Document Detail


Postexercise carbohydrate-protein supplementation improves subsequent exercise performance and intracellular signaling for protein synthesis.
MedLine Citation:
PMID:  21522069     Owner:  NLM     Status:  In-Data-Review    
Abstract/OtherAbstract:
Ferguson-Stegall, L, McCleave, EL, Ding, Z, Doerner III, PG, Wang, B, Liao, Y-H, Kammer, L, Liu, Y, Hwang, J, Dessard, BM, and Ivy, JL. Postexercise carbohydrate-protein supplementation improves subsequent exercise performance and intracellular signaling for protein synthesis. J Strength Cond Res 25(5): 1210-1224, 2011-Postexercise carbohydrate-protein (CHO + PRO) supplementation has been proposed to improve recovery and subsequent endurance performance compared to CHO supplementation. This study compared the effects of a CHO + PRO supplement in the form of chocolate milk (CM), isocaloric CHO, and placebo (PLA) on recovery and subsequent exercise performance. Ten cyclists performed 3 trials, cycling 1.5 hours at 70% &OV0312;o2max plus 10 minutes of intervals. They ingested supplements immediately postexercise and 2 hours into a 4-hour recovery. Biopsies were performed at recovery minutes 0, 45, and 240 (R0, R45, REnd). Postrecovery, subjects performed a 40-km time trial (TT). The TT time was faster in CM than in CHO and in PLA (79.43 ± 2.11 vs. 85.74 ± 3.44 and 86.92 ± 3.28 minutes, p ≤ 0.05). Muscle glycogen resynthesis was higher in CM and in CHO than in PLA (23.58 and 30.58 vs. 7.05 μmol·g wet weight, p ≤ 0.05). The mammalian target of rapamycin phosphorylation was greater at R45 in CM than in CHO or in PLA (174.4 ± 36.3 vs. 131.3 ± 28.1 and 73.7 ± 7.8% standard, p ≤ 0.05) and at REnd in CM than in PLA (94.5 ± 9.9 vs. 69.1 ± 3.8%, p ≤ 0.05). rpS6 phosphorylation was greater in CM than in PLA at R45 (41.0 ± 8.3 vs. 15.3 ± 2.9%, p ≤ 0.05) and REnd (16.8 ± 2.8 vs. 8.4 ± 1.9%, p ≤ 0.05). FOXO3A phosphorylation was greater at R45 in CM and in CHO than in PLA (84.7 ± 6.7 and 85.4 ± 4.7 vs. 69.2 ± 5.5%, p ≤ 0.05). These results indicate that postexercise CM supplementation can improve subsequent exercise performance and provide a greater intracellular signaling stimulus for PRO synthesis compared to CHO and placebo.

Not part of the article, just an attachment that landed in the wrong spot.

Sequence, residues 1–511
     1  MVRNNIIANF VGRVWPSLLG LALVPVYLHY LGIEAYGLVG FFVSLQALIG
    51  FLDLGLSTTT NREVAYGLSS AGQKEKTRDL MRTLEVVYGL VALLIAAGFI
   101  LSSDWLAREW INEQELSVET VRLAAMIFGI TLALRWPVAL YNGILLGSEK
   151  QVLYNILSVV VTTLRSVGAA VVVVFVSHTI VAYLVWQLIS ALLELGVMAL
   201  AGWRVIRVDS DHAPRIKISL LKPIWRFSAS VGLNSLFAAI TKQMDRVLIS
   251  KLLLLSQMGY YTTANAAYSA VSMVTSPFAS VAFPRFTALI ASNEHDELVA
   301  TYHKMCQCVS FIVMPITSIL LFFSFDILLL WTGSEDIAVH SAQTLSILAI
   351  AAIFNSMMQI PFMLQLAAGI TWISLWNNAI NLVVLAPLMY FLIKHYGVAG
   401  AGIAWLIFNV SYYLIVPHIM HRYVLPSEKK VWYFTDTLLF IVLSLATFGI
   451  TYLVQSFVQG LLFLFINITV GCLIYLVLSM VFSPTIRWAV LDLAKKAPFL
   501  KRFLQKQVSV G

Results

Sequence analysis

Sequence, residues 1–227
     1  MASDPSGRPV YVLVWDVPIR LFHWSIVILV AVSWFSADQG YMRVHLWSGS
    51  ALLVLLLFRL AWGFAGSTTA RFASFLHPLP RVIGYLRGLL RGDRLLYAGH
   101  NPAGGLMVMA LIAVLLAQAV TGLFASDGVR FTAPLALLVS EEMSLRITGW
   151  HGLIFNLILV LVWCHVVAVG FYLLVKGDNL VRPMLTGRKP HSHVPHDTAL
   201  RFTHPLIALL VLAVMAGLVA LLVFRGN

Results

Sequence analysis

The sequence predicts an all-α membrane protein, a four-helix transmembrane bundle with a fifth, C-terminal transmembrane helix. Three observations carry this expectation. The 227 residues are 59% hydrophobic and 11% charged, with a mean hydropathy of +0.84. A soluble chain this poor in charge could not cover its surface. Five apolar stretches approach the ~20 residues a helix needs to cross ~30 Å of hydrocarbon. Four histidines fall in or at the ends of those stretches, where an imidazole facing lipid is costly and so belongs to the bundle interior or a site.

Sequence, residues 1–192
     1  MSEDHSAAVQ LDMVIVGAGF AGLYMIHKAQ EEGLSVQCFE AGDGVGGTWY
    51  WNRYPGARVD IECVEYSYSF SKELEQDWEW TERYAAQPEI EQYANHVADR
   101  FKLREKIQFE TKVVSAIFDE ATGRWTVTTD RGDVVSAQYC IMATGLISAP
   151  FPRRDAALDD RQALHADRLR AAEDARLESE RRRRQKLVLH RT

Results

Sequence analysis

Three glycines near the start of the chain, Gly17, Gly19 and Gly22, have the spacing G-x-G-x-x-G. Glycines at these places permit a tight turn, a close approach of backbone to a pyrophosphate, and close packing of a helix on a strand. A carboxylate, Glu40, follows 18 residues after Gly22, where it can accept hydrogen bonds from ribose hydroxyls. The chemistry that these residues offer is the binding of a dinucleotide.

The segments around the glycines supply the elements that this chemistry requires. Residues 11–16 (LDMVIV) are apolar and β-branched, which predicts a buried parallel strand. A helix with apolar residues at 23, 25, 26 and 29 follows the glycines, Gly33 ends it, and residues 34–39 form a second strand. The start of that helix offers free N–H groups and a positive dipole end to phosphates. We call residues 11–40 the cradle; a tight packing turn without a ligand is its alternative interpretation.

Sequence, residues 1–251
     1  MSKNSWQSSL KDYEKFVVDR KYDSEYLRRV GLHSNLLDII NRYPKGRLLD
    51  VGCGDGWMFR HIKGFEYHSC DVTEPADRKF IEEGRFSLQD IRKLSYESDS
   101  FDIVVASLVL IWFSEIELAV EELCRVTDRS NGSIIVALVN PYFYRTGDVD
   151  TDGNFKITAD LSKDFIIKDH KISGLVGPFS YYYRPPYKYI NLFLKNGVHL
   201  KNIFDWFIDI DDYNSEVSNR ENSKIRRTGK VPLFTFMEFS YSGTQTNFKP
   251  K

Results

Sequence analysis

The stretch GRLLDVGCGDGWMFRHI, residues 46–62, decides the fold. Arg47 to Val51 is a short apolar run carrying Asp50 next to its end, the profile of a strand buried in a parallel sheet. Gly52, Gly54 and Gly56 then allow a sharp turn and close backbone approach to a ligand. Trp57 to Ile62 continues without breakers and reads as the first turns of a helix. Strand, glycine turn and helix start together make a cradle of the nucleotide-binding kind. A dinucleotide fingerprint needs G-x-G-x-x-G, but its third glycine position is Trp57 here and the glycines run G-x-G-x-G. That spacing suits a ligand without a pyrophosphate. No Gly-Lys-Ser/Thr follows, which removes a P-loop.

Authors:
Lisa Ferguson-Stegall; Erin L McCleave; Zhenping Ding; Phillip G Doerner; Bei Wang; Yi-Hung Liao; Lynne Kammer; Yang Liu; Jungyun Hwang; Benjamin M Dessard; John L Ivy
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Publication Detail:
Type:  Journal Article    
Journal Detail:
Title:  Journal of strength and conditioning research / National Strength & Conditioning Association     Volume:  25     ISSN:  1533-4287     ISO Abbreviation:  J Strength Cond Res     Publication Date:  2011 May 
Date Detail:
Created Date:  2011-04-27     Completed Date:  -     Revised Date:  -    
Medline Journal Info:
Nlm Unique ID:  9415084     Medline TA:  J Strength Cond Res     Country:  United States    
Other Details:
Languages:  eng     Pagination:  1210-24     Citation Subset:  IM    
Affiliation:
Exercise Physiology and Metabolism Laboratory, Department of Kinesiology, University of Texas at Austin, Austin, Texas.
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